Since Crossfit™ doesn’t qualify as exercise, we’ll have to categorize it broadly as “sport.” Crossfit™ doesn’t actually represent itself as anything other than sport, so I’m not saying they’ve done anything wrong. This part of the post is for the people thinking of doing Crossfit™ for exercise even though Crossfit™ never claimed that it was exercise. It’s a sport. A competition. A really fucking dangerous competition.
It’s a lot like professional football. The people doing it are ripped and super fit, and they also get hurt all the time. We don’t come down on football for ruining the knees and backs of thousands of young men every year (high school/college/pro). It’s not supposed to make you healthier. It’s a sport. This is why you don’t see anyone trying to get in shape by becoming a running back even though running backs are in great shape. It should be just as ludicrous to try to get in shape by joining a Crossfit™ box. Both activities are increasing your fitness and undermining your health in the process.
Short version: You won’t care how ripped you are when your back goes out and you can’t wipe your own ass.
Did you know that “cardio” isn’t actually a real thing? It’s true. If you ask someone what it is, they’ll say, “You know, like running, or biking, or an elliptical LOL!”
Some people think that a pickup game of basketball is “good cardio.”
Some people think that racquetball is “good cardio.”
Some people think that swimming is “good cardio.”
It seems like pretty much anything where they can feel their hearts beating is cardio, since the prefix “cardio” is usually at the beginning of words that have to do with your heart, like “cardiovascular,” “cardiopulmonary,” or “cardio date to see if she’s eighteen.”
By that standard, any time your heart is beating you’re “doing cardio.” If “cardio” can be all these things, it means that “cardio” becomes a meaningless word in this context.
Even so, we all know that someone who says “cardio” is probably talking about a steady-state activity at a low intensity that makes your heart beat faster and makes you breathe faster for an extended period of time. Let’s see if this qualifies as exercise.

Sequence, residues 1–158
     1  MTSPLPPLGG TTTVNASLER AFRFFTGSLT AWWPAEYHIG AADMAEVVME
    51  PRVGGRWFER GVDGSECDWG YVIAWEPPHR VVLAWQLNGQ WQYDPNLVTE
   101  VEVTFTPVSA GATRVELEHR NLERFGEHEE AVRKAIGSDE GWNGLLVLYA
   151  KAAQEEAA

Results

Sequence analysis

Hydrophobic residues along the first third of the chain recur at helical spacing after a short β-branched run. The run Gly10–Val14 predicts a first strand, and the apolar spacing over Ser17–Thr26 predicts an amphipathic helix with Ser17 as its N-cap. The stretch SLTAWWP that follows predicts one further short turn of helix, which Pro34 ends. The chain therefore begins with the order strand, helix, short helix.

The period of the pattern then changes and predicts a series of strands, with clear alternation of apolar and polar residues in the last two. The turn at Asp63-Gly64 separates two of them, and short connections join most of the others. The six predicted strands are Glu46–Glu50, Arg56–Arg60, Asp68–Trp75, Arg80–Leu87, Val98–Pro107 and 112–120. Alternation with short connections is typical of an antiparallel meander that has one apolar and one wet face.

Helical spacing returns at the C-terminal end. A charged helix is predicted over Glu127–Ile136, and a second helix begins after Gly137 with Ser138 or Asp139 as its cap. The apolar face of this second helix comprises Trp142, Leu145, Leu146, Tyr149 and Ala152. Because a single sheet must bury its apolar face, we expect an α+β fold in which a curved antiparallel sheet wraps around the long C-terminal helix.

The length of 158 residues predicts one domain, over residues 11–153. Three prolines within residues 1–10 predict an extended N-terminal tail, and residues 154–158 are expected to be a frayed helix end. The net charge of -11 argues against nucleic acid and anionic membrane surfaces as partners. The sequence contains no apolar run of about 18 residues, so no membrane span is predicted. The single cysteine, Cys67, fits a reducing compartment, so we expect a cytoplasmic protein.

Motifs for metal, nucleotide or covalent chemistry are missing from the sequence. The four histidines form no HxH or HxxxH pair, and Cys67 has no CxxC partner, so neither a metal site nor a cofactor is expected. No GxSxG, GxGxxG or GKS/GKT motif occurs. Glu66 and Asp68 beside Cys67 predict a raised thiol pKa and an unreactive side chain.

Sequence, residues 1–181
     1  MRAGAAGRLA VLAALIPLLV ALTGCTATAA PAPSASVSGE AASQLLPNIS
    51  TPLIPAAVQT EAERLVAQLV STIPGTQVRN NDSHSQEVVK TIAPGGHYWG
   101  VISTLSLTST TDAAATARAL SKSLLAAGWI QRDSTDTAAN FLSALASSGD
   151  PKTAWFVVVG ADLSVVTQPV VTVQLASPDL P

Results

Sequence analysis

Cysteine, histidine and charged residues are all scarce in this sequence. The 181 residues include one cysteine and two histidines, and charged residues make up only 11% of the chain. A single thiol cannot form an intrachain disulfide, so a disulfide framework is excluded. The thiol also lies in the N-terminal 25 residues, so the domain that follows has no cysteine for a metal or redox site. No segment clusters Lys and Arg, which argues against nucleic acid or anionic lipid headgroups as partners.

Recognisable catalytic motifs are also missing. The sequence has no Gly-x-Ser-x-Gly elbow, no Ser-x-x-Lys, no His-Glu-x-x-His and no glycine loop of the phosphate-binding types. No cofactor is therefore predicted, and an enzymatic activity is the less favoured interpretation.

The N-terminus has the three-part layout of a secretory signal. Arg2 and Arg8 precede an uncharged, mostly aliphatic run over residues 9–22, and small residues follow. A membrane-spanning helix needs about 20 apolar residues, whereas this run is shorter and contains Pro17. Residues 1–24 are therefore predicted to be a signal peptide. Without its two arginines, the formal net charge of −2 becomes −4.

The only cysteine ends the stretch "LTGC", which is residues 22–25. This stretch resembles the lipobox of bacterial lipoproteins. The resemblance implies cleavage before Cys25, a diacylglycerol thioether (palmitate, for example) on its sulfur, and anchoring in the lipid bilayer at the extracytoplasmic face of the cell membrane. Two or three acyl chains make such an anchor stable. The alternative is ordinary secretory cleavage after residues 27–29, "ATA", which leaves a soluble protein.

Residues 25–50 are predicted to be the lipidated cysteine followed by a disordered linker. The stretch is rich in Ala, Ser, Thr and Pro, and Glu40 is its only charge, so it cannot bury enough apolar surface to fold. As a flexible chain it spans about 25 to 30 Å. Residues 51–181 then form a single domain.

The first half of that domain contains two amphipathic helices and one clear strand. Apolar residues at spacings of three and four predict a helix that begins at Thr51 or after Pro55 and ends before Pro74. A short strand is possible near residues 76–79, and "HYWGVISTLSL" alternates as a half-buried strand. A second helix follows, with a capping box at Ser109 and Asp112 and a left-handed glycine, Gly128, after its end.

Well they’re doing it for the purpose of improving their fitness, so that’s 1/1.
Are they improving their fitness? Not really. “Cardio” only improves your athletic performance in the specific activity that you’re training. The beneficial changes are not taking place in the heart and lungs and they’re not taking place in the muscles. The benefit is taking place in the motor control centers of the brain. You’re “learning to do that skill better” without improving your body.
When they test a bunch of people on exercise bikes and treadmills, then train them to run a 10k on a treadmill, then test them again on the bikes and treadmills, all of their markers of cardiovascular fitness (VO2 Max, Lactate Threshold, Heart Rate, etc.) are improved on the treadmill test but remain unimproved during the bike test. How can this be? It’s because the skill of running on a treadmill is much easier for them now that they’ve practiced it. And if something is easier, your heart and lungs and muscles don’t have to work so hard to do it, i.e. your markers of cardiovascular fitness seem to improve. But it’s not that your body is working better; it’s that the task is easier now, so your body doesn’t have to work as hard, which gives the illusion that your body is working better. But only during the activity you’ve trained for!